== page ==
Mum Alison heaps praise on children's cancer charity as little Ollie Bell (6) battles leukaemia
A mum whose six-year-old son who was diagnosed with Acute Lymphoblastic Leukaemia is encouraging others to support the charity that was there for her family when their world was turned upside down.
Alison Bell, from Newtownabbey, is sharing her son Ollie's story as part of Cancer Fund for Children's Christmas appeal, to encourage local people to do whatever they can to support children whose lives have been devastated by cancer.
Alison said the day she was told Ollie had cancer was just the beginning of the nightmare.
"Just over a year ago, on October 18 2016, I went to wake my five-year-old son Ollie to get ready for school, just like any other day. But Ollie complained that he couldn't put his foot on the floor to get up.
"He was obviously in a lot of pain and crying so I took him to Antrim Hospital to get an X-ray. As I made the journey I was becoming increasingly worried as he had been at the doctors with a rash the week before and had been losing a lot of weight recently and looking pale."
The doctors then asked to speak to Alison alone, this is when she knew something was wrong.
"I can remember the words so clearly. 'It's not good news - your son has leukaemia.' I had to compose myself before they brought Ollie into the room with me. From there we were transferred to the Royal Belfast Hospital for Sick Children where we stayed for the next five weeks for intensive treatments.
"It's the stuff of nightmares but throughout his treatment Ollie just got on with it and fought. He celebrated his sixth on the ward and we managed to have a little party for him which we fitted in and around his chemotherapy on the day."
The next stages of Ollie's treatment were a mixture of inpatient and outpatient treatments which were really challenging for him.
Although Ollie and his family had the freedom of not being in hospital, the isolation proved very difficult on the six-year-old.
He wasn't allowed to leave his home because of the risk of infection. He missed his school and friends.
It was whilst Ollie was in hospital that he was referred to Cancer Fund for Children for support. The charity have a team of Community Specialists who provide support to children with cancer and their families either at home, in hospital or in their own community.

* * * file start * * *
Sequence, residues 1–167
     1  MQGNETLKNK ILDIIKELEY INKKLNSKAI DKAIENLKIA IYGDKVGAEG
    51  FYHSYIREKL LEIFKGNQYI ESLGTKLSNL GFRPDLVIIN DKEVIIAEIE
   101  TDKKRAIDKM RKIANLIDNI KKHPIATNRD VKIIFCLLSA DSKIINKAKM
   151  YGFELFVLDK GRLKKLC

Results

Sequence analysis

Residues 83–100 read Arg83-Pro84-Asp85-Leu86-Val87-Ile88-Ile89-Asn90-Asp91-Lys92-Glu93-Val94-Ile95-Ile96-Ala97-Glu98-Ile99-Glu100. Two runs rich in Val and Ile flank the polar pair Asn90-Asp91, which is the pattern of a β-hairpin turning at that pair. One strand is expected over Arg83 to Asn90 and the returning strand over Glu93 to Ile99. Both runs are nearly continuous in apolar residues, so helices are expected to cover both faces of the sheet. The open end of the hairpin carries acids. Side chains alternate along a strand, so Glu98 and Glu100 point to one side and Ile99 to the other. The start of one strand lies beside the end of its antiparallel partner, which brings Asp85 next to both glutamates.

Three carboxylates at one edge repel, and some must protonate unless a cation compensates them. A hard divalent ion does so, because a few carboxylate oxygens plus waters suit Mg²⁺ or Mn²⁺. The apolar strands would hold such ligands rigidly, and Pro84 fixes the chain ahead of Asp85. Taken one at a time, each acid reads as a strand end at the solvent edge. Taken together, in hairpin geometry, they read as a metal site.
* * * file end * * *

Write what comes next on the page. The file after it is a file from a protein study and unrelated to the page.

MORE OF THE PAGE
Cancer Fund for Children provide practical, financial and therapeutic support to children, teenagers and young adults living with cancer, and their families.
Alison commented: "“Our Cancer Fund for Children Specialist Gemma was absolutely amazing and a godsend to both Ollie and to me.
"Gemma built up such a caring relationship with both of us to help us through what has been a very difficult time. Through the dark days of intensive treatment when we were restricted to the house, her visits would be the highlight of our day.
"She would use ‘talking through play’ with Ollie to work through any worries he had and always knew at what point to suggest a therapeutic short break for us at Cancer Fund for Children’s short break centre, Daisy Lodge, if things were getting too much.
“She also helped arrange for us to receive the charity’s financial grants.”
Ollie now has a year of treatment over him and has started a phase of less intensive treatment. He recently returned to school for the first time since his diagnosis.
Alison, who is currently preparing to trek the Grand Canyon in 2018 to give back to the charity that was there for her and her son, added:
“I honestly don’t know where I would be today with the support of Cancer Fund for Children. That is one of the reasons why I’m taking part in a trek – to raise funds for a charity that has helped us on our journey and has a special place in my heart!”
Belfast Telegraph Digital